NEWS
HEADLINES [click on headline to view story]:

World outraged as Myanmar troops regain control

Thailand denounces violence in Myanmar

Chiang Mai gathers to protest actions in Myanmar

Sunflowers to kickoff tourist season

Motorcycle accidents kill 27 people a day

Analysis: A wind for change

Ladyboy roundup continues

Royal Flora Park gets 90 million baht

One-Two-Go victim files first lawsuit

Business as usual at Tachilek border crossing

Thai soldiers on alert at border

 

World outraged as Myanmar troops regain control

Residents worried pro-democracy protests could be weakening after soldiers and police in Myanmar took control of the streets, firing warning shots to scatter the few demonstrators who ventured out and sealing off Buddhist monasteries. The Internet was also cut.
The streets were quiet early Saturday and monks, who have provided the backbone of recent rallies calling for an end to 45 years of military rule, were penned in behind locked gates in the two largest cities, Yangon and Mandalay. Additional troops arrived overnight, consolidating control of urban areas.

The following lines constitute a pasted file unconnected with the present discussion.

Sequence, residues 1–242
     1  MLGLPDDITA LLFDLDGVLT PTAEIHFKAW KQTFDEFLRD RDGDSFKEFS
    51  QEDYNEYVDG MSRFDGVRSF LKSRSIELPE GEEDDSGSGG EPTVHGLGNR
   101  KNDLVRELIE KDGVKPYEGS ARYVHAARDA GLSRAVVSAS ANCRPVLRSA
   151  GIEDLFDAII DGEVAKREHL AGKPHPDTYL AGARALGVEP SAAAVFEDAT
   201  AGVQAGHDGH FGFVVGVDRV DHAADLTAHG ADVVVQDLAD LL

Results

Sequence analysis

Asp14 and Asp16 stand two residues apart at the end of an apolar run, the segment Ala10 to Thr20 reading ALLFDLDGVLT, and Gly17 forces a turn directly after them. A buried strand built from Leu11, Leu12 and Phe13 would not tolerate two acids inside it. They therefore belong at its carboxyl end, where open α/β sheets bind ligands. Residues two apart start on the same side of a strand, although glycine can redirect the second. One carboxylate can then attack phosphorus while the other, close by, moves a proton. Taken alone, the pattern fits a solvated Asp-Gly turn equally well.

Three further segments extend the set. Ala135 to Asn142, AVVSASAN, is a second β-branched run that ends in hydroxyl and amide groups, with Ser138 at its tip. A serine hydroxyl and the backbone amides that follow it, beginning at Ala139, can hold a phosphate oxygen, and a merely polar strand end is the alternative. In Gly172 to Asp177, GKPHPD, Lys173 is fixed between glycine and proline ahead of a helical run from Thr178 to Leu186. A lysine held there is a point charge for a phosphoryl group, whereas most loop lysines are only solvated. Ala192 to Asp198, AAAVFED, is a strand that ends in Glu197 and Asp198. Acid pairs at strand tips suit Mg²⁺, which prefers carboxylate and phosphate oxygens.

“I don’t think that we have any more hope to win,” said a young woman who took part in a massive demonstration Thursday that was broken up when troops opened fire into a crowd. She was separated from her boyfriend and has not seen him since. “The monks are the ones who give us courage.”
Daily protests drawing tens of thousands of people had grown into the stiffest challenge to the ruling junta in two decades, a crisis that began more than a month ago when people in the desperately poor nation of 54 million started rallying against a massive fuel price increase.
Security forces started to crack down on the demonstrators last Wednesday, when the first of at least 10 deaths was reported, and then let loose on Thursday. Small groups of die-hard activists and angry residents have turned out since then, some taunting troops and then scattering into alleyways, soldiers in pursuit.
“Bloodbath again! Bloodbath again!” a Yangon resident yelled Friday while watching troops break up one march by shooting into the air, firing tear gas and beating people with clubs. Participants in the protests asked that their names not be used, fearing retribution.